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District 9

Surface Coal Mine

Fatal Fall of Material Accident

Belle Ayr Mine (48-00732)
Amax Coal West, Inc.
Gillette, Campbell County, Wyoming

Eldridge Excavation, Inc. (X3L)
Gillette, Campbell County, Wyoming

July 27, 1995


James M. Beam
Coal Mine Safety and Health Inspector

Douglas E. Liller
Coal Mine Safety and Health Inspector

Originating Office - Mine Safety and Health Administration
Coal Mine Safety and Health, District 9
P. O. Box 25367, Denver, Colorado 80225-0367
John A. Kuzar, District Manager

General Information

The Belle Ayr Mine is a surface coal mine located 18 miles south of Gillette, Campbell County, Wyoming. The mine employs 236 persons and is owned and operated by Amax Coal West, Incorporated (Amax) of Englewood, Colorado. The mine operates two 12-hour shifts per day, seven days per week, and produces an average of 50,000 tons of coal per day. The coal is transported by rail to midwest and eastern markets.

The Wyodak seam averages 80 feet in thickness throughout the reserves and is classified as sub-bituminous with an average heat content of 8,500 British Thermal Units per pound. Overburden averages 215 feet and is removed by truck/shovel operations. Coal is loaded by electric shovels and transported by 240-ton trucks to the crushing facilities located at the preparation plant.

Principal officials for Amax Coal West, Inc. (Amax) at the Belle Ayr Mine are:

Thomas J. Lien . . . . . . . . . . . . . . Vice President and General Manager
Steven R. Laird . . . . . . . . . . . . . .Manager Loss Prevention

Principal official for Eldridge Excavation, Inc. (Eldridge):

Dave Eldridge . . . . . . . . . . . . . . . Owner

Principal official for Fletchers Cobre Tire (Fletchers):

John Larson . . . . . . . . . . . . . . . . .Manager

The accident occurred at Eldridge's storage area, which was located on mine property, adjacent to the mine's "Boneyard Storage." Eldridge is an independent contractor (X3L), hired by Amax to perform pit dewatering services at the Belle Ayr Mine. Eldridge employees are at the mine on a daily basis to perform this work. The pipe, which was being unloaded at the time of the accident, was being delivered to Eldridge for use in their dewatering activities. Eldridge's employee, Jerry Hathaway, met Ralph Paddock, victim and independent trucker, at the mine gate and accompanied him to the storage area. Hathaway was present at the time of the accident when the pipe was being unloaded.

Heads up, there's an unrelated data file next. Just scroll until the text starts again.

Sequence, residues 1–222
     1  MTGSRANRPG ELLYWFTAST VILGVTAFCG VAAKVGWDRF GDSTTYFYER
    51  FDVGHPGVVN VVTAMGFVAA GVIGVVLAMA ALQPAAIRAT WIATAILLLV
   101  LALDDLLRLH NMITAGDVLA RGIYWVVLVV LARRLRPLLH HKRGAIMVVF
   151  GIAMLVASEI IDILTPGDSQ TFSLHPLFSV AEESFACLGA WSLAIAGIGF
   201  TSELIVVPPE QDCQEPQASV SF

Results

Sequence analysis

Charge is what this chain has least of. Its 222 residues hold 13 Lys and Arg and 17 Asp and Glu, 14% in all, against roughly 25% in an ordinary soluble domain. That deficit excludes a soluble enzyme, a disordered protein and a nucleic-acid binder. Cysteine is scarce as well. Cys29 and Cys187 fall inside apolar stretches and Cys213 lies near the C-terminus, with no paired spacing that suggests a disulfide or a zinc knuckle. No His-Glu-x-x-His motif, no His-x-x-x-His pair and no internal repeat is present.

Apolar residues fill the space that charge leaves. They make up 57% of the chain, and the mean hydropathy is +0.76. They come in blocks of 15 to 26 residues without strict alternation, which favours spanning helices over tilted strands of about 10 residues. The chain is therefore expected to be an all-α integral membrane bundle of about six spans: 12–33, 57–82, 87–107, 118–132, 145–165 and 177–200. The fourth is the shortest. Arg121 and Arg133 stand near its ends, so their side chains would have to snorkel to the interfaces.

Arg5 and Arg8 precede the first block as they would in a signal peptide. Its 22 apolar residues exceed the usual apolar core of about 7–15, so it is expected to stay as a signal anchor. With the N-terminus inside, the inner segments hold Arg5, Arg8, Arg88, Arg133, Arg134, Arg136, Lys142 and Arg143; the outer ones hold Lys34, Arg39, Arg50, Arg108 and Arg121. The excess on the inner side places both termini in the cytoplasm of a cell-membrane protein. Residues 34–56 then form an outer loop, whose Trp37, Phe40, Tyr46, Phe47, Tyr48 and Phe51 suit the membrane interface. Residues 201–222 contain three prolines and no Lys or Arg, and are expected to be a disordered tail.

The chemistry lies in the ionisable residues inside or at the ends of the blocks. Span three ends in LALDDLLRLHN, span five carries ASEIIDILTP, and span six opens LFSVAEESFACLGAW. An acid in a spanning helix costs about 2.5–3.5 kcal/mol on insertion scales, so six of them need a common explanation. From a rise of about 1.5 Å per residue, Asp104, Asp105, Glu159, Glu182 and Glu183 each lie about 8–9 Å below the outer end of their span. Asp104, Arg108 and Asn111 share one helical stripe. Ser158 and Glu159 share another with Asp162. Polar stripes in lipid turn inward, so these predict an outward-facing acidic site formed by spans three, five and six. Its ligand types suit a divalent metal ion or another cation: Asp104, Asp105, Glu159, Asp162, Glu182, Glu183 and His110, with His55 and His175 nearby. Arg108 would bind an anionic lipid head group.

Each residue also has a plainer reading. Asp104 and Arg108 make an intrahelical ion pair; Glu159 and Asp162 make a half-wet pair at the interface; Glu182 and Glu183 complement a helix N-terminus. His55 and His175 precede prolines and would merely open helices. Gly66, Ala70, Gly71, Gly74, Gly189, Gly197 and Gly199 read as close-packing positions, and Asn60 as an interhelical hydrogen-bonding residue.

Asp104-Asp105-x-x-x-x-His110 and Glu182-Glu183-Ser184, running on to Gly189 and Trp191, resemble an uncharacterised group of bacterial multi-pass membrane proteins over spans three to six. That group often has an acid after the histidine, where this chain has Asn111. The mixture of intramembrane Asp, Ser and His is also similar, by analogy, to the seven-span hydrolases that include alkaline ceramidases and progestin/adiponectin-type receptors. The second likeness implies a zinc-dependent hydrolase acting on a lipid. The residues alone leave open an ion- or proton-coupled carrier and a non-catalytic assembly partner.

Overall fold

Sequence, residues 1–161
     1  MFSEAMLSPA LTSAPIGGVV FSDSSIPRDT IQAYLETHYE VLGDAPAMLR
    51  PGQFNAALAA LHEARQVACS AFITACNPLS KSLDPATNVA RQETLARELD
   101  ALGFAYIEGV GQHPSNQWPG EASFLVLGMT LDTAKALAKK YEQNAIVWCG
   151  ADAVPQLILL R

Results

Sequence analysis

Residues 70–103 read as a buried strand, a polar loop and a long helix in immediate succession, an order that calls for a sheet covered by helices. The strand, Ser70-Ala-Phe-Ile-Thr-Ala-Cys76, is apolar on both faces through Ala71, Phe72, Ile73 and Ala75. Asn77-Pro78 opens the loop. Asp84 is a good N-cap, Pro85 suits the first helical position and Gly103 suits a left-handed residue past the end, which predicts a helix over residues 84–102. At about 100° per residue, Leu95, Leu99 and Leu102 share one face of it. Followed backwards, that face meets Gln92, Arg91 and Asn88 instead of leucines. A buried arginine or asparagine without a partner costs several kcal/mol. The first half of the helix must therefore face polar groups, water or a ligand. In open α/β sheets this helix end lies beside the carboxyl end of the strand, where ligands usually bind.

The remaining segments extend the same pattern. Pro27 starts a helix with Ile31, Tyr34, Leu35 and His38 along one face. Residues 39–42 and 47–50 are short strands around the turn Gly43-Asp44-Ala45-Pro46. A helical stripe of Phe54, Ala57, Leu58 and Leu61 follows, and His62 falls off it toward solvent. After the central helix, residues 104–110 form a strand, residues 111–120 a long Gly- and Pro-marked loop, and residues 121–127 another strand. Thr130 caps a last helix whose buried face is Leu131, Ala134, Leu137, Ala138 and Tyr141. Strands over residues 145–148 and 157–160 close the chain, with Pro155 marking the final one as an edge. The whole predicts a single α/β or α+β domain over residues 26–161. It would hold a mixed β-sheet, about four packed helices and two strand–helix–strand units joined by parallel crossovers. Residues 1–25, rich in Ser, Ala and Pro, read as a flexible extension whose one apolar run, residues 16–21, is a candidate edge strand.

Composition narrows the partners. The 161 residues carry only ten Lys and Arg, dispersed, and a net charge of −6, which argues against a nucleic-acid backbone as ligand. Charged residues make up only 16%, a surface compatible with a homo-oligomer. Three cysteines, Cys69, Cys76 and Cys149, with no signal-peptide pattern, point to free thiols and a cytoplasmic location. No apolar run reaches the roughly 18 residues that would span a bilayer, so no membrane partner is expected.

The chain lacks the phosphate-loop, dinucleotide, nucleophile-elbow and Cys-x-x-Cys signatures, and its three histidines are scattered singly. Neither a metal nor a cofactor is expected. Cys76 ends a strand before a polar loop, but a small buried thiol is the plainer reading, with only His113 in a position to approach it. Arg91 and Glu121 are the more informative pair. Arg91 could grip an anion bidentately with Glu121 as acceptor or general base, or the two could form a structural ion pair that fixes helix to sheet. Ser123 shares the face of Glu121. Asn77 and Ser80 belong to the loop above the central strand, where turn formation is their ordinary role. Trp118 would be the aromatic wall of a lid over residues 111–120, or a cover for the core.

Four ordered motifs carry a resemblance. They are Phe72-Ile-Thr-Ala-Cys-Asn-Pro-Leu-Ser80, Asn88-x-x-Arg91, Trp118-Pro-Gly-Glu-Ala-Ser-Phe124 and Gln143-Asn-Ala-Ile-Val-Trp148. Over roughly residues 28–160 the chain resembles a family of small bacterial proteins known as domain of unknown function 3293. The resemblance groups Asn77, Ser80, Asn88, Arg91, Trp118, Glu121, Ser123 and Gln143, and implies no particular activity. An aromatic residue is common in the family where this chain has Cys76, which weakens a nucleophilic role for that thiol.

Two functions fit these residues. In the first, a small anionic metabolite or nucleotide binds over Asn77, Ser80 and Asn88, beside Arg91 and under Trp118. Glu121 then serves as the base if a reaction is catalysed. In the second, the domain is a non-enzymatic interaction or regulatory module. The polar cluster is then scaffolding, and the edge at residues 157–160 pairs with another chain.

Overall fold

Fletcher's is an independent contractor (C50), that distributes Bridgestone and Michelin off-the-road tires, and is under contract to Amax to provide tires and maintenance services for equipment at the Belle Ayr Mine. A Fletchers service representative is at the mine one shift a day, seven days a week.

Fletcher employee, Tom Dorethy, operated the Caterpillar forklift that was being used to unload the pipe at the time of the accident. Fletcher owned this forklift, which was regularly used during the course of their tire work at the mine.

The latest Mine Safety and Health Administration Safety and Health Inspection was conducted from March 8 to 15, 1995.

Description of Accident

On Thursday, July 27, 1995, at approximately 9:00 a.m., Ralph Paddock, victim and an independent trucker hauling for the Bob Boyd Trucking Company, Livingston, Montana, arrived at the Belle Ayr Mine with a load of ninety 8-inch diameter black poly pipes for use in pit dewatering. The pipes were 40 feet long with nine pipes strapped together per bundle. The trailer had five tiers of bundles with two bundles on each tier. The bottom three tiers were held in place by three tiedown straps. Four additional tiedown straps secured the entire load to the bed of the truck. When these four straps were loosened, only the top two tiers of pipes were freed.

At approximately 9:35 a.m., Bob Davis, Amax crew coordinator, was notified of Paddock's load of pipe at the main gate. Davis notified Jerry Hathaway, an employee for Eldridge, of Paddock's arrival. Hathawy met Paddock at the gate and escorted him to the North Pit "Boneyard Storage" area for unloading. At this time, Davis notified Tom Dorethy, an employee for Fletchers, of Paddock's arrival. Dorethy took the Caterpillar V180B forklift to the storage area to unload the pipe. Dorethy routinely performed this task.

At approximately 9:55 a.m., Dorethy arrived with the forklift and discussed with Paddock the method to be used to unload the pipe. He told Paddock that he would unload the top two tiers first. Dorethy then positioned the forklift near the middle of the flat bed on the driver's side and raised the forks to the base of the top two tiers of pipe.

Hathaway was located approximately ten feet to the side of the driver's door of the truck. Paddock had loosened the four tiedown straps which secured the entire load prior to the arrival of the forklift and had removed the center two tiedown straps. Paddock walked around the front of the truck and down the passenger side of the vehicle to the rear of the trailer. Hathaway lost sight of Paddock when he rounded the front of the truck and seconds later he saw the tiedown strap at the back of the trailer being pulled off the load from the passenger side.